Association Between Health-Related Quality of Life, Physical Fitness, and Physical Activity in Older Adults Recently Discharged From Hospital

in Journal of Aging and Physical Activity
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The purpose of this study was to determine the relationship among health-related quality of life (HRQOL), physical fitness, and physical activity in older patients after recent discharge from hospital. One hundred fifteen independent-living older adults (ages 70–92 years) were included. HRQOL (Medical Outcomes Study 36-item Short Form Health Survey), physical activity (Physical Activity Scale for the Elderly), and physical fitness (Senior Fitness Test) were measured 2–4 weeks after discharge. Higher levels of physical activity and physical fitness were correlated with higher self-reported HRQOL. Although cause and effect cannot be determined from this study, the results suggest that a particular focus on the value of physical activity and physical fitness while in hospital and when discharged from hospital may be important to encourage patients to actively preserve independence and HRQOL. It may be especially important to target those with lower levels of physical activity, poorer physical fitness, and multiple comorbidities.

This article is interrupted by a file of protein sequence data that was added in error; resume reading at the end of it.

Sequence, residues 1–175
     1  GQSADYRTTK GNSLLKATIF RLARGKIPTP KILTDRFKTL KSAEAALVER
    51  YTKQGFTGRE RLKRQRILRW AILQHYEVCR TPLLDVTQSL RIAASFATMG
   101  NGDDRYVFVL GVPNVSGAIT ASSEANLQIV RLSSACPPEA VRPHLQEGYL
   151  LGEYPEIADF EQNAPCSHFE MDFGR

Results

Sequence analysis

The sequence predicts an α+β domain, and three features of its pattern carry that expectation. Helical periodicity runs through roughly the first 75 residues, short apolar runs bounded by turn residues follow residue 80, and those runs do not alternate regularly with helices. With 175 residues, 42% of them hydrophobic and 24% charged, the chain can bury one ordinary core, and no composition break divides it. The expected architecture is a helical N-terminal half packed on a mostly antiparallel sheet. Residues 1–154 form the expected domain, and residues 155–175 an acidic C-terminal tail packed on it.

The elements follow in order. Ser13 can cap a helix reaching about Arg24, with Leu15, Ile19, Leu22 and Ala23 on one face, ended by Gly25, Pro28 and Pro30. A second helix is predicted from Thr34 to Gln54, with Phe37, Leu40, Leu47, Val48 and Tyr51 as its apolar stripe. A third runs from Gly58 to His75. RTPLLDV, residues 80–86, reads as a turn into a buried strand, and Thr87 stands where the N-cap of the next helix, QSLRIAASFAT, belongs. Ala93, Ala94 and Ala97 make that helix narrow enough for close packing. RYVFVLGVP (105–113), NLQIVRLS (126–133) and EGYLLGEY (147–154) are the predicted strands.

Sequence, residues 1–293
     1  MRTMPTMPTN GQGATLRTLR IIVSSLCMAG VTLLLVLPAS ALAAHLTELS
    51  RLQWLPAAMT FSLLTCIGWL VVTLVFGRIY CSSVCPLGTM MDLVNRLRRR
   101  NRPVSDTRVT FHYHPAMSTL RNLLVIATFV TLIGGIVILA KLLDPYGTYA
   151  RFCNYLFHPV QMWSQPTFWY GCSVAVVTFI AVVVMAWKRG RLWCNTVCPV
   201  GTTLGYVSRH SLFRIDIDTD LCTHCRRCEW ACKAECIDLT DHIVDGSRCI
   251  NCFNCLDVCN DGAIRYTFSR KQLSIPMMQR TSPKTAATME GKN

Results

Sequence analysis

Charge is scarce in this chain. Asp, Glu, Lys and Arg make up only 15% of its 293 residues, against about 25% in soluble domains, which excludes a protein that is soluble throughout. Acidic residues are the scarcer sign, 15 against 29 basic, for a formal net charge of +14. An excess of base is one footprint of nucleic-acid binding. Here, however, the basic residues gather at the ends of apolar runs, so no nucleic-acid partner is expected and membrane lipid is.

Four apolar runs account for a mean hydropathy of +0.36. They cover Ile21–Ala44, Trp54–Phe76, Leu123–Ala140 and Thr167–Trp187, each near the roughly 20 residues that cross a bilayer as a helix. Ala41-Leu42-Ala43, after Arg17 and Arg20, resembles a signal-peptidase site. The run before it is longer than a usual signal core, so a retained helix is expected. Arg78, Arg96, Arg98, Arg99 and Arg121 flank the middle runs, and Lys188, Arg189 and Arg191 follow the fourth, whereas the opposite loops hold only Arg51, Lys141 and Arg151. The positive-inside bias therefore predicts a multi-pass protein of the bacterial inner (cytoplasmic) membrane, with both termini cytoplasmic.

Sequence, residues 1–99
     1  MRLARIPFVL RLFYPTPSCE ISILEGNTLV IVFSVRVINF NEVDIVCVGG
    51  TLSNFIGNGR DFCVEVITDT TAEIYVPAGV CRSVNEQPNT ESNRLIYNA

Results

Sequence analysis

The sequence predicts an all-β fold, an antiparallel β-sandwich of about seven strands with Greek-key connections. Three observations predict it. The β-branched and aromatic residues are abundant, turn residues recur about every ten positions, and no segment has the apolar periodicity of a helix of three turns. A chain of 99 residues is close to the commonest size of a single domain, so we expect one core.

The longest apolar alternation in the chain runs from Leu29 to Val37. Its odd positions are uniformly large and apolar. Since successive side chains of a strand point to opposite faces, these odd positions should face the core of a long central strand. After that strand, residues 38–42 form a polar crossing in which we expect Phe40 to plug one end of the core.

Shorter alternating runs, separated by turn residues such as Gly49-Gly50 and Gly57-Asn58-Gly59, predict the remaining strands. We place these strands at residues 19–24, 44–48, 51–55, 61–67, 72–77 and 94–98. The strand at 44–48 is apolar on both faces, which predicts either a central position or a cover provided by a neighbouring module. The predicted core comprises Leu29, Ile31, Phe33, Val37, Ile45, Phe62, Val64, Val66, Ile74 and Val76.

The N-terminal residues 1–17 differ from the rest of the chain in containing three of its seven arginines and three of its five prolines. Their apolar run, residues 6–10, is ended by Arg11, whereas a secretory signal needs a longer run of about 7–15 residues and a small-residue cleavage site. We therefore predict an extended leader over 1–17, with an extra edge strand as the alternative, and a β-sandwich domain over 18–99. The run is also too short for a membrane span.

Brovold and Bergland are with the Inst. of Physical Therapy, Oslo, and Akershus University College of Applied Sciences, Oslo, Norway. Skelton is with the School of Health and Life Sciences, Glasgow Caledonian University, Glasgow, UK. Sylliaas is with Oslo and Akershus University College of Applied Sciences, Oslo, Norway. Mowe is with Oslo University Hospital, Oslo, Norway. Address author correspondence to Therese Brovold at